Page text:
Plans for a new combined authority should be put on hold so the public can be consulted, according to an MP.

Steve McCabe (Lab, Selly Oak) warned council leaders they had no mandate to press ahead with a new over-arching council without the backing of the public

He called for a local “convention” bringing together community organisations and civic bodies to ensure the that politicians and the media weren’t the only people involved in deciding how the region should be governed.

He said: “Where is the voice of ordinary people saying what they want?

“We need to start talking to people and to civic society about how they see this developing.

“We can’t have the politicos telling everyone else how it is going to be.

“Instead, we need to ask folk what it is they are looking for.”

Read: Solihull 'some time away' from a combined authority

Creating a combined authority would probably lead to changes to other official local bodies, he said.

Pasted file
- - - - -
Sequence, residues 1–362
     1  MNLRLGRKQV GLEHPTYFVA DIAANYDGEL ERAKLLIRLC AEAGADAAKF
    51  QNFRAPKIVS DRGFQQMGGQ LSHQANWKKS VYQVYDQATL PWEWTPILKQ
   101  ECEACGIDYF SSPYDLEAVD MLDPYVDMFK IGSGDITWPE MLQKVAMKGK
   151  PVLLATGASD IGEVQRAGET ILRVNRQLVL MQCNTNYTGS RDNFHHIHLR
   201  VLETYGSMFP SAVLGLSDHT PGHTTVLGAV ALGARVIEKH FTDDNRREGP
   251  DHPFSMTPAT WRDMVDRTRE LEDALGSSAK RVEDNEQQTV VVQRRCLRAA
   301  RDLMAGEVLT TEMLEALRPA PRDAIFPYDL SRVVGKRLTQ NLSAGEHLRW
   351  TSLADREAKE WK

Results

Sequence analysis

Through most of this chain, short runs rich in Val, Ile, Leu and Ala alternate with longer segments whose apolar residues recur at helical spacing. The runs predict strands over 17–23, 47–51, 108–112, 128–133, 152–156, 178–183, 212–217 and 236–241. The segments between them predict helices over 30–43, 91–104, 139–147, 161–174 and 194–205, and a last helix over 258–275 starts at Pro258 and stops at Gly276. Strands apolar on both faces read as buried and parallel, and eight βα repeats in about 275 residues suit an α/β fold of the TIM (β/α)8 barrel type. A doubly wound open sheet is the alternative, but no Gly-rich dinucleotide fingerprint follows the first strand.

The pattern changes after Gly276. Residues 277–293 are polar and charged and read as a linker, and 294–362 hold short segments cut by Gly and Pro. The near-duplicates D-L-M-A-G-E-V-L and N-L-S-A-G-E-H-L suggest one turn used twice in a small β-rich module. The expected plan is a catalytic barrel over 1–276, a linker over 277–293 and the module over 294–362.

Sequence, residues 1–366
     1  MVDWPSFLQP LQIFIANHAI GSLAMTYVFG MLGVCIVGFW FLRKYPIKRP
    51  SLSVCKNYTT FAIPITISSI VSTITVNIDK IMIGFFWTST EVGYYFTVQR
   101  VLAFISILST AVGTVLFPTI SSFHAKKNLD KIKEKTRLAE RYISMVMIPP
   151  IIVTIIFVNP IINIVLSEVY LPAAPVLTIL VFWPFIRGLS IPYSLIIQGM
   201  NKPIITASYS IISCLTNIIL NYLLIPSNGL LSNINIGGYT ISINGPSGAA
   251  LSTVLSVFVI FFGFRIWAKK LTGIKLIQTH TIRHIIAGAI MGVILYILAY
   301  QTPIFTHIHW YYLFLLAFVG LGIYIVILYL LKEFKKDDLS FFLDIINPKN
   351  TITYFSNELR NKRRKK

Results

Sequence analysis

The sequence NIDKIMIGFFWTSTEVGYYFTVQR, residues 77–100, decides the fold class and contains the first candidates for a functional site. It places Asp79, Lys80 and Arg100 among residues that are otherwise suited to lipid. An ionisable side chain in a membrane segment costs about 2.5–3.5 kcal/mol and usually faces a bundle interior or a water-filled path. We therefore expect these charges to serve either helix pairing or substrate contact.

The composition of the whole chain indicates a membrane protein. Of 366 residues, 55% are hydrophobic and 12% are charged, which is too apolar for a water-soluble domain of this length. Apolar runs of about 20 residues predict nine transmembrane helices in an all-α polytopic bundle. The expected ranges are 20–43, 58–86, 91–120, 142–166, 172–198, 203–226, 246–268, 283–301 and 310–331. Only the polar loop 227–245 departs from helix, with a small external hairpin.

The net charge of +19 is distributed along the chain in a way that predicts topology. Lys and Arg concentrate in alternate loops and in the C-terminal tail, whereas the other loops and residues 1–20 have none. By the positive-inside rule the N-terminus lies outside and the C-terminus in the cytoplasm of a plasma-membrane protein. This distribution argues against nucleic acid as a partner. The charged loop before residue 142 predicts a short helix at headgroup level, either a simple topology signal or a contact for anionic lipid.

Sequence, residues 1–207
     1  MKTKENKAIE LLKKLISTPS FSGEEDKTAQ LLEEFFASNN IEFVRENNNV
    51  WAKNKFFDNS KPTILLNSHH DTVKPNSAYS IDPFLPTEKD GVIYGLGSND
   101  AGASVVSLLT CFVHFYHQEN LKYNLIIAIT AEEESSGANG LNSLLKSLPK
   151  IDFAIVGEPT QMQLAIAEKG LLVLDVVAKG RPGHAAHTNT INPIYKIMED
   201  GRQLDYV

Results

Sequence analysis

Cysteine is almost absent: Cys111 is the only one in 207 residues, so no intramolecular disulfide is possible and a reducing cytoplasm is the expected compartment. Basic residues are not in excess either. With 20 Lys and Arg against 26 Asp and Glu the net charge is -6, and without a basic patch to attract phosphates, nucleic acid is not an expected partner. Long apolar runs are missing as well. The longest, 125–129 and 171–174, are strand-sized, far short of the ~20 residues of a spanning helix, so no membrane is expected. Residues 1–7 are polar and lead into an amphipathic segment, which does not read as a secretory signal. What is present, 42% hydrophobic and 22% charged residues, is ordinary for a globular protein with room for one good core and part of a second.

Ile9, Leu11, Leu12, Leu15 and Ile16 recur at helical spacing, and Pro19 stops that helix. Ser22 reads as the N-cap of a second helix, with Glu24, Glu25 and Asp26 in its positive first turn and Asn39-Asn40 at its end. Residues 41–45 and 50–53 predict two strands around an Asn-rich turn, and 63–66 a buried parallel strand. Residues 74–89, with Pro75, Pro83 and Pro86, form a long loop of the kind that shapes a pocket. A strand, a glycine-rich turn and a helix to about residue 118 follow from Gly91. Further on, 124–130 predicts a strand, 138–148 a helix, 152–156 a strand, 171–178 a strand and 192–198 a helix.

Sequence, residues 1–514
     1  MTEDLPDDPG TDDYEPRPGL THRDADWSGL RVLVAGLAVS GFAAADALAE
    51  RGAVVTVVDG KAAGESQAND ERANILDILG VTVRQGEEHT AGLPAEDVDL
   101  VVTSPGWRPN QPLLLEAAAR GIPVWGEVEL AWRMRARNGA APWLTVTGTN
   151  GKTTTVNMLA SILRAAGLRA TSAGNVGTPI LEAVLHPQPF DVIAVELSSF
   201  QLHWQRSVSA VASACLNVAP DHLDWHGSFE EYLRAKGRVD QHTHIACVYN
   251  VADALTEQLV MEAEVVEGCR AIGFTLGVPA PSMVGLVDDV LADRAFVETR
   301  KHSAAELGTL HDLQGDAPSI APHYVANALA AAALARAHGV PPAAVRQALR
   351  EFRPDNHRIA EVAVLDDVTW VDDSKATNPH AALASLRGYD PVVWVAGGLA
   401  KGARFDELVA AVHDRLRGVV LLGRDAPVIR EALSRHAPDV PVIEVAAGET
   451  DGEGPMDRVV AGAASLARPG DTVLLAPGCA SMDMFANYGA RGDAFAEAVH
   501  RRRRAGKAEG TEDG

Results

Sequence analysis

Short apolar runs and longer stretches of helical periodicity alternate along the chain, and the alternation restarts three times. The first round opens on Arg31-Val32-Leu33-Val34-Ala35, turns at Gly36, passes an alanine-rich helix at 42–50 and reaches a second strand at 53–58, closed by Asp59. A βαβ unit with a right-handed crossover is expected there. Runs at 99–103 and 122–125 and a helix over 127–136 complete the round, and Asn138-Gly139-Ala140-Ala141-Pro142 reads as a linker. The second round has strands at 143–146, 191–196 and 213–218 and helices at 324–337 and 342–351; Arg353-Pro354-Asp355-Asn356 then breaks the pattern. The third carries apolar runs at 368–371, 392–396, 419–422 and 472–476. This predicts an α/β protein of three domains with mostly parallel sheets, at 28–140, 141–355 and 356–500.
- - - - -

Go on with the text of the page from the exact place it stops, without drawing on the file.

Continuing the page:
He also warned against creating a mayor and pointed out that Birmingham voters not only rejected a mayor in a referendum in 2012 but also in a “consultative” referendum in 2001.

In the 2001 poll, voters were to choose between two different mayoral systems or no mayor at all. The most popular of the three options was not to have a mayor, backed by 45 per cent.

While this result was open to interpretation, the 2012 referendum had a clear majority against a mayor, with 58 per cent voting “no” to the idea.

However, it appears that ministers are keen to encourage cities and city regions to think again – and this time to create a mayor without a referendum.

Read: City councillors predict 'battle royale' over elected mayor

Manchester voters also rejected a mayor in 2012 but the ten councils in the Greater Manchester combined authority have now agreed to create a mayor as part of a deal with the Government giving them devolved powers worth £1 billion.

“Before we go any further down this road, I would like to know that we are going to ask people what they want,” Mr McCabe added.